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Senkow takes MTA reins

WINNIPEG, Man. - The Manitoba Trucking Association (MTA) has a new president after Bob Senkow has grasped the baton from past president, Redline Transport chief Alvin Lepp.Joined by first vice-preside...


WINNIPEG, Man. – The Manitoba Trucking Association (MTA) has a new president after Bob Senkow has grasped the baton from past president, Redline Transport chief Alvin Lepp.

Joined by first vice-president Ross Arnold, the two form the fleet group’s executive committee together with Gardewine North’s Dennis Clarke, Big Freight Systems’ Earl Coleman, Portage Cartage and Storage’s Vic Switzer, Custom Transport’s Kirk Warren and general manager Bob Dolyniuk.

“We’re going to continue to push ahead on issues like shipper liability, Hours-of-Service and the National Safety Code,” says Senkow. “We’re hearing very encouraging sounds coming out of the government and we’ll continue to promote the accomplishments of this very proud industry.”

The rumbling out of Manitoba’s Legislature Senkow alludes to is the fact Premier Gary Doer has publicly committed to increasing infrastructure funding for the first time in more than a decade.

The government’s top priorities were health care, education and infrastructure, the politician told Dolyniuk at a breakfast event a couple of weeks earlier. He concluded that it’s now infrastructure’s turn to see increased provincial spending.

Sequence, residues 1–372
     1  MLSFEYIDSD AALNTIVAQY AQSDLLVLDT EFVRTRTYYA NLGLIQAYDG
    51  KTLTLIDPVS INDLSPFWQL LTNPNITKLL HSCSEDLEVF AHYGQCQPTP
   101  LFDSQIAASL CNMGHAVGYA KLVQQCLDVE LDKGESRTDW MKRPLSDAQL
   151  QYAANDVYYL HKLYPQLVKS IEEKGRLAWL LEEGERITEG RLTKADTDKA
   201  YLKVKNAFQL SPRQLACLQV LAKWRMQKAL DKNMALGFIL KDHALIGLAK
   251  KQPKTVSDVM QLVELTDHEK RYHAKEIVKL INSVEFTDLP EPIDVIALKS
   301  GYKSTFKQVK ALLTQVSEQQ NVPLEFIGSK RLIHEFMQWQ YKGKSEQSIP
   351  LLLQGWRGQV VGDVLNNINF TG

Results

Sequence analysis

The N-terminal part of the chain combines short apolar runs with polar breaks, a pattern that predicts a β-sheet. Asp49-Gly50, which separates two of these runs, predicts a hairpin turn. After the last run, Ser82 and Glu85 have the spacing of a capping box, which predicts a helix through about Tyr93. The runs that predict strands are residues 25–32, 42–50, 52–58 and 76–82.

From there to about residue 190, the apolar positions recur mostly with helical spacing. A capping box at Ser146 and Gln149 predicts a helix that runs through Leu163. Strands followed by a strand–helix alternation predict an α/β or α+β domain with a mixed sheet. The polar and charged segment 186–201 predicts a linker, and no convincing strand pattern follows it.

“What I suspect will happen now is municipalities will start jockeying for funding of their individual projects,” says Dolyniuk. He went on to add that, in addition to making sure the bulk of highway investment goes to strategic projects benefiting the entire trucking community, the fleet group must ensure smaller municipal “pet projects” aren’t allowed to eat up the money before larger provincial needs are properly addressed.

From his perspective, Lepp feels the MTA is well positioned to continue to make lobbying inroads on the provincial scene.

“It really comes down to the people you’re surrounded by,” says the group’s past president. “As a leader, you’re only as good as the people around you and this is just a great team to work with.”

It is actually a much more diverse group gathered around the MTA’s meeting table for the next two years with the addition of the board of directors’ first two female members.

Susan Snyder, of Searcy Trucking, and Helene Nadeau, of La Broquerie Transfer, have been added to the team of top fleet executives committed to raising the profile of the industry and furthering trucking’s many causes.

“It’s an honor to be a part of such a prestigious group,” says Nadeau.

Lots to do

As usual, there is no shortage of projects for MTA board members to sink their teeth into over the coming months. And near the top of the list is working out a deal for a lifetime trailer plate regime with the province.

More than 18 months of back-and-forth negotiating has brought the fleet group very close to a deal and its next move is to send a new proposal to deputy transport chief Andy Horosko. It’s likely the latest suggestion will resemble a flat-rate fee for a trailer licence plate coupled with a mandatory, but free renewal every two years. If adopted it would include a penalty for fleets lax in their updating duties.